LAURINBURG — Those who have held the post of Laurinburg police chief would agree that 17 years on the job constitutes a significant contribution to the city.
But when it came to Norman “N.W.” Quick, who died on Thursday at 84, his tenure as Laurinburg’s top cop — during which he is credited for modernizing the police department and instituting a new standard of professionalism — wasn’t the half of it.
“He’s devoted his life to law enforcement here in Laurinburg and he’s been a community project promoter ever since he’s been alive, I believe,” said Quick’s lifelong friend Bill Riggins, with whom he was a founding member of the Laurinburg Optimist Club.
“He was just the ultimate citizen of Laurinburg.”
The first to chair the indispensable Optimist fish fry and Christmas tree fundraisers, Quick was also instrumental in the inception of the organization’s Little League program. The club now presents the “Riggins-Quick Eagle Award” annually to a member with a lengthy record of faithful service.
Quick was a member of Laurinburg High School’s class of 1949, and served in the U.S. Army before returning to Laurinburg and joining the police force.
Robert Malloy, who succeeded Quick as police chief in 1989, was initially hired by him in 1969. Back then, Malloy said, a total of four officers worked each shift and Quick was in charge of the department’s three-man detective division.
“When I first was hired you didn’t even have to go to school to become a police officer: that’s how antiquated things were,” said Malloy. “He really moved the police department into a whole nother era when he became the police chief. Everything was sort of done manually, we typed all the reports on the typewriter, and N.W. was the one who brought us into the computer age.”
While on the police department, Quick served a term as president of the National FBI Academy’s North Carolina chapter.
Also during Quick’s tenure, police uniforms switched from gray to blue for sharper presentation, and Quick was a proponent of officers continuing their education to stay abreast of developments in law enforcement.
“He believed in professionalism: he believed in a police officer being neat, clean, your hat was a part of your uniform,” Malloy said. “He did not like you to get out of the car without being totally in uniform. He wanted you to look professional, act professional, and he made sure that you had everything you needed.”
In his off hours — and for 20 years after his retirement from the police force — Quick devoted himself to the cause of youth athletics, both with the Optimist Club and as a Scotland County Parks and Recreation football coach.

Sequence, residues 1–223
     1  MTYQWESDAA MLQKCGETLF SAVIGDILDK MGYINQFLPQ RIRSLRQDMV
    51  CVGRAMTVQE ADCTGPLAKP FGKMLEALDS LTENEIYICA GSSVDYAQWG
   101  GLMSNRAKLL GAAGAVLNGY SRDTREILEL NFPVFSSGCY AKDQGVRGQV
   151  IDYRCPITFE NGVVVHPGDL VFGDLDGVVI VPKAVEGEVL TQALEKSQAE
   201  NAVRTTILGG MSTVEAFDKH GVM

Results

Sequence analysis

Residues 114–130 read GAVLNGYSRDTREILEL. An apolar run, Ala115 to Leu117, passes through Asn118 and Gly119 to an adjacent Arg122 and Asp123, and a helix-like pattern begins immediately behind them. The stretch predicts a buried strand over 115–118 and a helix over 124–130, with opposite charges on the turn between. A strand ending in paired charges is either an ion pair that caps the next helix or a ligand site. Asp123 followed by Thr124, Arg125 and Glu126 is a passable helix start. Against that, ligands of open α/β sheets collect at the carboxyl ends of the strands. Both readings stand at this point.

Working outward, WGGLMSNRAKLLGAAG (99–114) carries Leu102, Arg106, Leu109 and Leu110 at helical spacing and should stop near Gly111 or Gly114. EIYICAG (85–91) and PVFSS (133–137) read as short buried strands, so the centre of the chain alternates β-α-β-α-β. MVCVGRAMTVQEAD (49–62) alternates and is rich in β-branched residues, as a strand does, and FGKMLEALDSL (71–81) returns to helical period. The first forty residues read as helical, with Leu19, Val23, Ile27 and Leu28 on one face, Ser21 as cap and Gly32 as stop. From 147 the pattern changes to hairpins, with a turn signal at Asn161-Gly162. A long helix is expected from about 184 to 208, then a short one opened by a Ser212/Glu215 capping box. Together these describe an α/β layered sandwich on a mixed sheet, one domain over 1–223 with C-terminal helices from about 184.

“He coached with us for 50 years, put in a lot of volunteer hours,” said athletic superintendent Al Blades. “He was an icon to Parks and Rec.”
Quick’s team of 11- and 12-year olds was dubbed the Redskins, after the NFL team that held a prominent place in his heart. Many of his players went on to be valuable members of the Scotland High School football team.
In 2011, Quick was one of 20 in North Carolina to receive the Governor’s Volunteer Service Medallion Award, for the countless hours he spent coaching and assisting on every level — even registering children at the start of each new season.
“I wanted to be involved with the youth in our community, hoping to touch their lives and direct them in the right way, not only how to deal with sports but how to deal with life,” Quick was quoted in 2011. “In sports, it’s like winning and losing. Life is the same way. It’s not always roses.”
Also a volunteer coach, Laurinburg police chief Darwin Williams said that the benefits of Quick’s guidance extended beyond those under 18.
“My first year with Parks and Rec was a learning experience and he showed us how to interact with the kids, how to get to their level and get the best out of them,” Williams said.
“He was a mentor to a lot of kids that weren’t his own. That says a lot in this day in age to find a man giving his time to make someone else’s child a better person. That’s what he was about.”
Choked with emotion on Thursday afternoon, Riggins recalled Quick as a man who was in his element when acting in the best interests of others.
“If there was something that could help Laurinburg or help somebody, N.W. was there. That’s just the kind of person he was. You don’t meet many people like that in your lifetime.”
Mary Katherine Murphy can be reached at 910-506-3169.